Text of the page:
The women who test positive are sent from the hospital to a separate Ebola treatment unit.
The key goal of the PCMH unit is to make sure pregnant women get the medical care they need. It’s critical that the doctors, nurses, and midwives providing that care feel comfortable and safe treating pregnant women, PIH Chief Medical Officer Dr. Joia Mukherjee said.
“They were doing the best they can in an impossible situation, and we were able to join hands and say, ‘In this facility, what’s the best thing we can do to give your staff the confidence to go back to work?’” Mukherjee said.
The new unit has helped Sierra Leonean clinicians overcome their fear, said Sr. Koroma, who was one of the lead nurses at the unit until March. Several have returned to work there since it opened, she said.
The Ministry of Health and PIH opened the unit in early December. It operates 24 hours a day and had admitted 204 women as of March 26.
Sister Elizabeth Koroma has cared for pregnant women in the midst of Ebola since the outbreak began last year in Sierra Leone. (Photo by Piero Pertile/Partners In Health)
High risk from the start
Pregnancy and childbirth were dangerous in Sierra Leone long before Ebola showed up. The country emerged from a decade-long civil war in 2002, and its health system continues to experience challenges. In 2013, 1,100 women died for every 100,000 live births, according to World Bank data. That’s the worst maternal mortality ratio in the world. By comparison, 28 women in the U.S. died for every 100,000 live births that year.
With Ebola present, those statistics could become even grimmer.
Pregnant women are not necessarily likelier to get Ebola than anyone else, according to the U.S. Centers for Disease Control and Prevention. But once they do have the virus, it is often fatal to the women and, to date, always so for their fetuses.
It is unclear why pregnant women’s lives are in particular danger after they get Ebola, said Dr. Theresa Cullen, who worked at the PCMH unit through PIH. Clinicians know that a woman’s physiology changes during pregnancy. Pregnancy weakens the immune system, Cullen said, which could increase a woman’s chances of dying from Ebola.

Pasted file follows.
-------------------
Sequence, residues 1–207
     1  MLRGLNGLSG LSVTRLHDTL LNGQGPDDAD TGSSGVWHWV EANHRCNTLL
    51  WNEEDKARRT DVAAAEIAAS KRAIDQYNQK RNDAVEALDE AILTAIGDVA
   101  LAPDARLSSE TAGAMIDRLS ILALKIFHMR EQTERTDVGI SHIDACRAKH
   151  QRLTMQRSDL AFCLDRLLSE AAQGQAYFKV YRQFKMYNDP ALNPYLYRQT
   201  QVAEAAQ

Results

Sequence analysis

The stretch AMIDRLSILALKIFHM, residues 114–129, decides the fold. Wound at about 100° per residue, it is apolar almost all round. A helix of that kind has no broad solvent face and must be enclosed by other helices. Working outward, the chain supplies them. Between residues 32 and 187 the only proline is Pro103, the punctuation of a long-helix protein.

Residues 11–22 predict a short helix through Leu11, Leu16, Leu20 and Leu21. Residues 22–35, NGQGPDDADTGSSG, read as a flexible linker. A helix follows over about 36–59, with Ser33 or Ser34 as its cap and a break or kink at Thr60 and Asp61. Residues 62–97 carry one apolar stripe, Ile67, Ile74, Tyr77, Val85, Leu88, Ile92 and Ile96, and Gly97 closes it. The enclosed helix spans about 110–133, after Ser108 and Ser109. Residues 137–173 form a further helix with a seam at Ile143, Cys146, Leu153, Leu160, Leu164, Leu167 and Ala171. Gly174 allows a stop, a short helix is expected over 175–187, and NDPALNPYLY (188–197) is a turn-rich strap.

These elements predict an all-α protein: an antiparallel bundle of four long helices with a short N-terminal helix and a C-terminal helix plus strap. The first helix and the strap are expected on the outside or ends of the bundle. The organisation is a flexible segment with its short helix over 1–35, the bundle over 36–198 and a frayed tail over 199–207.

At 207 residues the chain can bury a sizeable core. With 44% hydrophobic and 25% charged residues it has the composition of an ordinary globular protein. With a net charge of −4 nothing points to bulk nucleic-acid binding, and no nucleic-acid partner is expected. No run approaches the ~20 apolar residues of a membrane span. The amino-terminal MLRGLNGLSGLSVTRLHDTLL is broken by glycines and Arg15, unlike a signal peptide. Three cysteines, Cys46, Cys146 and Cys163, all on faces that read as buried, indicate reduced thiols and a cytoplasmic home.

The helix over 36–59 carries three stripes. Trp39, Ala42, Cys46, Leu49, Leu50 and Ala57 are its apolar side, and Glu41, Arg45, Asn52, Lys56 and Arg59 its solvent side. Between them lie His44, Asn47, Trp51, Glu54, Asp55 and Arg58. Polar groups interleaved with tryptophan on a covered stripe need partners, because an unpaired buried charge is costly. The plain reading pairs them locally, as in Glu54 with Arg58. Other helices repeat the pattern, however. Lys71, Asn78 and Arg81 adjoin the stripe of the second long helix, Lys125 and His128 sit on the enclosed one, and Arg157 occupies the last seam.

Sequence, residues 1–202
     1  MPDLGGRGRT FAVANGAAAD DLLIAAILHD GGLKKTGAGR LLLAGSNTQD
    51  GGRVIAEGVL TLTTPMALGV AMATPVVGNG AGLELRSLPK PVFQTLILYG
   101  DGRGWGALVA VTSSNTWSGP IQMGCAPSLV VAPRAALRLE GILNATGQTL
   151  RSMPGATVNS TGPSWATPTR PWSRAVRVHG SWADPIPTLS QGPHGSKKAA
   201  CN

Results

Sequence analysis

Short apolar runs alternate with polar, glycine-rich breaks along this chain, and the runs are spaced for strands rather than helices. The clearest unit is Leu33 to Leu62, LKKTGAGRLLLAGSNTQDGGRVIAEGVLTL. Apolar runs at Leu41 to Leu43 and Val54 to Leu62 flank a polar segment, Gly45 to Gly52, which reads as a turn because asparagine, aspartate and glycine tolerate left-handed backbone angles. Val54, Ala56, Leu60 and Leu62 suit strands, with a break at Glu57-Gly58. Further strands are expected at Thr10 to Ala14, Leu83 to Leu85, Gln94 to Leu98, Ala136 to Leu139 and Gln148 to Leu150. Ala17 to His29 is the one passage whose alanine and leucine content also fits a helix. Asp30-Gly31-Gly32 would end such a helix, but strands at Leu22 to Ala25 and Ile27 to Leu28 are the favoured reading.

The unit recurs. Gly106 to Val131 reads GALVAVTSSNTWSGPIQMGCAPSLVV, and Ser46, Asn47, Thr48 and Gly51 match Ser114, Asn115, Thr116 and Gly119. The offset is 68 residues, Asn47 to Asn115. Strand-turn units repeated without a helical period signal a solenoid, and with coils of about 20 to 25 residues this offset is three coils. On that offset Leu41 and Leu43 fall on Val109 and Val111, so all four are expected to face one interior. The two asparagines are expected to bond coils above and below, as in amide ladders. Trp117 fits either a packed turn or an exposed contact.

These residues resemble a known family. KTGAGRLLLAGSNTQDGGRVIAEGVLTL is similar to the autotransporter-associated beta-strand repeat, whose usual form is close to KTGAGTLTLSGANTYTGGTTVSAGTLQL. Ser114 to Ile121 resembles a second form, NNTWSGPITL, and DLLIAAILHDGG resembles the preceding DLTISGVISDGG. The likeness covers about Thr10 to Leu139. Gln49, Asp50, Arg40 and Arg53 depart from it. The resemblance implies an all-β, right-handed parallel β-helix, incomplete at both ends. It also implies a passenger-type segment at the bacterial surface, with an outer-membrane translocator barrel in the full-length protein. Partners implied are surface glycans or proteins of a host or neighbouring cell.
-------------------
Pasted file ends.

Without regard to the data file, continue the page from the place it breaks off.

“Pregnant women who get Ebola have historically done very, very poorly,” said Dr. Regan Marsh, a PIH clinician who was part of the Ebola response in Sierra Leone. “Pregnant women definitely need specialized care. They need more intensive care; their babies need care.”
Of the 204 women admitted to the PCMH unit, 27 tested positive for Ebola, or 13 percent (Ebola was unconfirmed but suspected for six women). Nine Ebola-positive women died in the unit, and 18 were moved to Ebola treatment units.
Building a new model
But the main aim of the Ebola unit at PCMH is not to treat pregnant women with Ebola through the entire course of their illness. Rather, it is set up to provide interim care for pregnant women while it is determined whether they have Ebola. If a woman is found to have Ebola, she is transferred to an Ebola treatment unit as soon as a bed is available. Women who don’t have Ebola are moved to general wards for obstetric care.
“Pregnant women with suspected or confirmed Ebola can and should be given the same level of care as all other Ebola patients, if appropriate precautions are taken,” Pertile said.
Ninety-six people staff or support the small, free-standing Ebola unit at PCMH, Pertile said. That includes nurses and midwives, but it also includes Ebola-specific staff members such as chlorine sprayers.
After a woman is admitted, she is placed in a bed in either the “wet” or the “dry” area. Patients enter the wet area if they are emitting fluids, such as blood, vomit, or diarrhea. Others enter the dry area. The aim is to separate those likely to be positive and more infectious from those who may not be positive or who are less infectious.
All are then tested for Ebola. As recently as February, results took up to four days. But the new on-site lab services mean that test results can be available within four to six hours.
“Proper infection prevention and control, a dignified place to provide care as women wait for their results, and rapid lab testing are critical to the survival of pregnant and laboring women in the time of Ebola,” Mukherjee said.
While they await results, the women receive treatment such as intravenous fluid, antimalarial medication, and antibiotics: standard and essential care for women with pregnancy complications. Sometimes the babies come while women are in the unit, and clinicians in full PPE help deliver them. This is tricky, too.
“Management of labor is very difficult because you can’t touch patients in the same way that you would normally, and you can only spend so much time in PPE,” Sr. Koroma said. “Normally you have time to speak to patients and place a hand on their shoulder to reassure them, but this is not as easy with Ebola suspect pregnancies.”
And sometimes, if problems arise during this waiting period, little can be done. A woman with obstructed labor like Aminata can’t go to the operating room for a C-section, for example, until clinicians are sure she doesn’t have Ebola, said Dr. Michael Grady, an OBGYN who was PIH’s clinical lead at PCMH in January and February.
I am proud that we never gave up, even when things were very difficult. I am especially proud now that Ebola is going away.
Grady returned to Sierra Leone at the end of March to supervise maternal health care. Despite the challenges he experienced providing maternity care in the time of Ebola, he said he was proud of the health services that the Sierra Leonean and PIH clinicians provided.